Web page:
0

I have an Adafruit ADS1115 analog-to-digital converter, configured in single ended mode. I want to average over 3 sensor readings to increase the reading stability.

  //initialize variables
  int16_t rawData, ambient;
  int i=0;

  // start loop
  while(i<3) {
      rawData = ads.readADC_SingleEnded(0); //read from ADC
      // divide sensor reading by three
      // (doing so after summation will lead to an overflow)
      rawData=rawData/3;                    
      Serial.println(rawData); // print data to serial for debugging (OK)
      ambient+=rawData;
      i+=1;
      delay(100);
      Serial.println("I LIVVVVEEE"); // print text to serial for debugging (OK)
  }

  // Print signal (NOT OK)
  Serial.print("Ambient is ");
  Serial.println(ambient);

The "rawData" is printed correctly on the serial monitor. However, the value for "ambient" can be crazy: the resulting output is over an order of magnitude higher. Somehow, the summation doesn't seem to be performed correctly.

  • this is not avarege of 3 readings. it is a sum a of 1/3 of readings – Juraj Apr 20 at 10:20
2

You forgot to initialize ambient to zero, so it got whatever happened to be in that place of memory when it got instantiated. Some unpredictable, seemingly random data.

  • are you saying that int16_t ambient; Serial.println(ambient, DEC); could show something besides 0? – dandavis Apr 22 at 17:29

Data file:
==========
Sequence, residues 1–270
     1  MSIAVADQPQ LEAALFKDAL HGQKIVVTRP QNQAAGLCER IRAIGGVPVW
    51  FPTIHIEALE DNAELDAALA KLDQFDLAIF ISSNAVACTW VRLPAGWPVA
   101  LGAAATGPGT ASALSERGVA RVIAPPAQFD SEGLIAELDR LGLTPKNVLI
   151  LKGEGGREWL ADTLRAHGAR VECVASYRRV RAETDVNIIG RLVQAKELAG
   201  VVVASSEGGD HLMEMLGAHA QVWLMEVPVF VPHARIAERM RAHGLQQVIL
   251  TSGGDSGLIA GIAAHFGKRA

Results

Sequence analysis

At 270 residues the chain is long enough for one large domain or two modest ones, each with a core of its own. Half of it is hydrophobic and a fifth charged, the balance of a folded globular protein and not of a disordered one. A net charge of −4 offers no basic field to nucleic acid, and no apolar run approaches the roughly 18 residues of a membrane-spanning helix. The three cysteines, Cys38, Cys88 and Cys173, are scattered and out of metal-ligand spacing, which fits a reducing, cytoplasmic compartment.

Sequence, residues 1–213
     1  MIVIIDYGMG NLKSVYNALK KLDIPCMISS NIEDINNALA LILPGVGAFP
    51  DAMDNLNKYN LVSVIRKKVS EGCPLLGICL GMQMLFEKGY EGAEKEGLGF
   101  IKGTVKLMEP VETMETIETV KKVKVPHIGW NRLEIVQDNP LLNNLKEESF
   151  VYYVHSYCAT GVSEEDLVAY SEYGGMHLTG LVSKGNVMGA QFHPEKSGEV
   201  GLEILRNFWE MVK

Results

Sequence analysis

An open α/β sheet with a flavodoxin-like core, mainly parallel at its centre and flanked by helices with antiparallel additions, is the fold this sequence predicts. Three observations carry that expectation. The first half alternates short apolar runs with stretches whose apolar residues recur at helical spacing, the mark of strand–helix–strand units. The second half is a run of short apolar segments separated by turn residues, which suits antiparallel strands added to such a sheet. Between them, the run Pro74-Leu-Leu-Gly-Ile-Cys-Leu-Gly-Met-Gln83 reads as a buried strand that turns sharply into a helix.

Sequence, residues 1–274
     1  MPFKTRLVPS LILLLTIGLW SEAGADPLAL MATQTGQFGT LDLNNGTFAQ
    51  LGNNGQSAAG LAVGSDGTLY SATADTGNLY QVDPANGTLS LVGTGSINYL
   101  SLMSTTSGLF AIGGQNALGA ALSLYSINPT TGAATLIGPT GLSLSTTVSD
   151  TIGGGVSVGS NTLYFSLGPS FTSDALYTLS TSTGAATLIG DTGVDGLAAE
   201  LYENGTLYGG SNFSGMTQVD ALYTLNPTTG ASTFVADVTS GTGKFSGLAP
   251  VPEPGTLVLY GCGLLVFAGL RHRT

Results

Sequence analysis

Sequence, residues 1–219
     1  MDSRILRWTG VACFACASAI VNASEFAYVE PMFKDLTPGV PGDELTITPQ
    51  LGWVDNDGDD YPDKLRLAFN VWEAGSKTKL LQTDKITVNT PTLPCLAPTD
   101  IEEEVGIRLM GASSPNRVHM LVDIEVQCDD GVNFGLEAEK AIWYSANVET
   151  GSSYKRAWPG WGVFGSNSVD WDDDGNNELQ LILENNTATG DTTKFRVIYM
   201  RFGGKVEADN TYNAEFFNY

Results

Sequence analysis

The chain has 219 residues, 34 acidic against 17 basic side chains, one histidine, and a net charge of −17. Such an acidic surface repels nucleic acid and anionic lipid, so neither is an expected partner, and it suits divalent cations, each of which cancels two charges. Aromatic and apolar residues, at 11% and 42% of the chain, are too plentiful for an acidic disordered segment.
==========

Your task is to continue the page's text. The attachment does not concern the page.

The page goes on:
• 1
    @dandavis: Yes, absolutely. The value of ambient here is indeterminate. In some circumstances, using such a value can even lead to undefined behavior. – Edgar Bonet Apr 22 at 18:04
2

If you are trying to average out three sensor ADC reading first you need to store and add them all then divide it by 3.

 int16_t rawData =0;
 int32_t avg=0,ambient=0;
  int i=0;


 while(i<3) {
      rawData = ads.readADC_SingleEnded(0); //read from ADC
      // divide sensor reading by three
      // (doing so after summation will lead to an overflow)
     Serial.println(rawData); // print data to serial for debugging (OK)
     avg += rawData;
      i++;
      delay(100);
      Serial.println("I LIVVVVEEE"); // print text to serial for debugging (OK)
  }
  abmient = avg /3;
  avg = 0;
  // Print signal (NOT OK)
  Serial.print("Ambient is ");
  Serial.println(ambient);
  • 1
    This approach is great for small numbers. However, the ADC is 16 bit. By adding three 16bit values, this may (can) lead to buffer overflow for "ambient". – plasma Apr 20 at 9:38
  • @plasma, sum of 3 16 bit numbers will not run out of 32 bit – Juraj Apr 20 at 10:44
  • @Juraj there is nothing like that. I just made changes in his program. – Vaibhav Apr 20 at 10:51
  • appreciated.... – Vaibhav Apr 20 at 11:44
  • you will actually get more stable readings if you take the median of the 3 readings instead of the mean. consider reading 12,13,5 when the true reading is 13. with avg you get 10 (err=3), but with median you get 12 (err=1). I used this method for a DMM project and it made a HUGE difference compared to my naive oversample+avg method... You can also adjust how many internal AD1115 samples are collected, and at the expense of reading time, get a more stable set of values from the get go. – dandavis Apr 22 at 17:25

Your Answer

By clicking “Post Your Answer”, you agree to our terms of service, privacy policy and cookie policy

Not the answer you're looking for? Browse other questions tagged or ask your own question.